Allowing the Monkey Mind to Be
by Kelvin Chin
Where does this commonly used term in meditation come from? The “monkey mind.”
It comes from India. Where there are 50 million monkeys.
If you have ever traveled to India, one thing you will inevitably bump into, literally not figuratively, are monkeys. They are everywhere. In the cities, in the jungle, sitting outside your hotel, walking down the street sometimes right next to you. And if there are any trees around, you will of course see them not just sitting up in the trees, but going from tree to tree. And often looking for food.
So this expression comes from watching monkeys going from tree to tree, looking for the proverbial banana, all the time.
And so the idea is in order to keep the monkey from doing that, you need to chain it down. Prevent it from doing what it naturally wants to do. Control its behavior in that way.
In that culture, this principle which derives from the ancient Vedic tradition, has been used for millennia as the underlying principle of most meditation techniques. So in most ashrams — places where people learn meditation in India — that is the most prevalent teaching method.
But just because something has been around for thousands of years does not necessarily mean that it is a good thing. War has been around just as long, and using force to change other people’s behavior, I would argue, is not a good thing for humanity just because it’s been around a long time. In the same way, I do not think the subjugation of women for millennia has been a good thing for humanity just because it’s also been around for such a long time, continuing to this day today.
You get my point.
So why don’t we try a different approach? Back to our discussion about meditation approaches...
Instead of keeping the mind from doing what it naturally wants to do, how about allowing it to do the very thing that it wants to do...except in a slightly different way?
What is another principle of the mind that is also inherently active all the time, always going on in the background?
If you were sitting in a room studying some boring subject, or maybe even reading a nice enjoyable novel, and someone started playing your favorite song in the next apartment, what always happens? Your mind naturally wanders over to listening to that music. Doesn’t it?
We all have experienced something like this not only many times in our lives, but I would venture to say: every single day of our lives, many times every day.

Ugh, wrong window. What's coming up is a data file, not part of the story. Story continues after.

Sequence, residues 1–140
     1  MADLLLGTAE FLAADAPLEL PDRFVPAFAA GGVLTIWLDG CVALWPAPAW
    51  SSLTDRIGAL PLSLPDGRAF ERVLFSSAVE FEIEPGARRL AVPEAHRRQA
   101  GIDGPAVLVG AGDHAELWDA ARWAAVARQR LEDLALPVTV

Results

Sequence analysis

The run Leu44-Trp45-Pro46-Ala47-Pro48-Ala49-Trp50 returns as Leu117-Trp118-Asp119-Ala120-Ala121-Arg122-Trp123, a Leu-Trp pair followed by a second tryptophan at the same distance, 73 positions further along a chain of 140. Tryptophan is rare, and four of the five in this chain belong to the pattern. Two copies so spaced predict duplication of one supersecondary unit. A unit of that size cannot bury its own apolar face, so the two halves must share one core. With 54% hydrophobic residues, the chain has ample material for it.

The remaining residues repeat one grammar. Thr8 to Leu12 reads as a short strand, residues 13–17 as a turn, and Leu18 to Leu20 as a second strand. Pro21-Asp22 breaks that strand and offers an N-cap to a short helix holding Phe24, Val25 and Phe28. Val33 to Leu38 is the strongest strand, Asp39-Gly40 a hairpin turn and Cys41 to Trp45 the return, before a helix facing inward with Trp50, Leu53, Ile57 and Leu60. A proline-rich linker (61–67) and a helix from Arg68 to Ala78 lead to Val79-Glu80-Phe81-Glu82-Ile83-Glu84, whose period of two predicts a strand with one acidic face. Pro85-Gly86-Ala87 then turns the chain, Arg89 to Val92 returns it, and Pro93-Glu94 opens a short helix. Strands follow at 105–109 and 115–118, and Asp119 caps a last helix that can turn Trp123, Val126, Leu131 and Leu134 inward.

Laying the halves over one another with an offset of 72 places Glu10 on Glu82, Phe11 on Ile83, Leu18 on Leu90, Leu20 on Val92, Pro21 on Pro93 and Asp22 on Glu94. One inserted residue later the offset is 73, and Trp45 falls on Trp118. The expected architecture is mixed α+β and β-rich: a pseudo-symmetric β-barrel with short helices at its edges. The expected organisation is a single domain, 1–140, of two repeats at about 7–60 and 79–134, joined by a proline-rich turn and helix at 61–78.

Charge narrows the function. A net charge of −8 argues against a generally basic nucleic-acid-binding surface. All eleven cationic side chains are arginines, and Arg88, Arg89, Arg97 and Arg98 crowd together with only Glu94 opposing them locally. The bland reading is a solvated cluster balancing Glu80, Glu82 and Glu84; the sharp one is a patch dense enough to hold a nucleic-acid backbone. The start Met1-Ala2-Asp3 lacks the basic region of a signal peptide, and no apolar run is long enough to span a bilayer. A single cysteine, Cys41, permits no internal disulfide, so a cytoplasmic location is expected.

It’s called “the natural tendency of the mind to go in the direction of more satisfaction.“
Instead of making the mind do something it does not want to do, why don’t we use that natural tendency of the mind and allow the mind to do what it wants to do anyway.
How do we do that? We give the mind something to think, but give it something that does not direct the mind in any particular direction.
Instead of being in fighting mode, we are in an allowing mode. And what does that do? That dissipates our resistance, melts away our tension, and allows the mind to relax and experience itself in this different way that we call meditation.
That is the underpinning of why an easy meditation technique can work so effortlessly. And moreover, I think more people would meditate if it was easier.
So teaching an easy, effortless process of meditation has been the way I’ve taught it for 46 years now. Just letting the monkey mind be — jumping from tree to tree — and overlaying my technique onto whatever the monkey wants to do.
Thus allowing him to settle down naturally, without force or control.
Kelvin H. Chin is a Meditation Teacher, Life After Life Expert, and Author of “Overcoming the Fear of Death.” He learned to meditate at age 19, and has been teaching Turning Within Meditation and coaching others in their self-growth for 40 years. He helps people understand their life challenges through their individual belief systems, and helps them find their own solutions. His past life memories reach back many centuries, and he accesses those memories in his teaching and his coaching in the same way all coaches draw on their own available experiences for perspective and effective analogies. He can be reached at www.TurningWithin.org.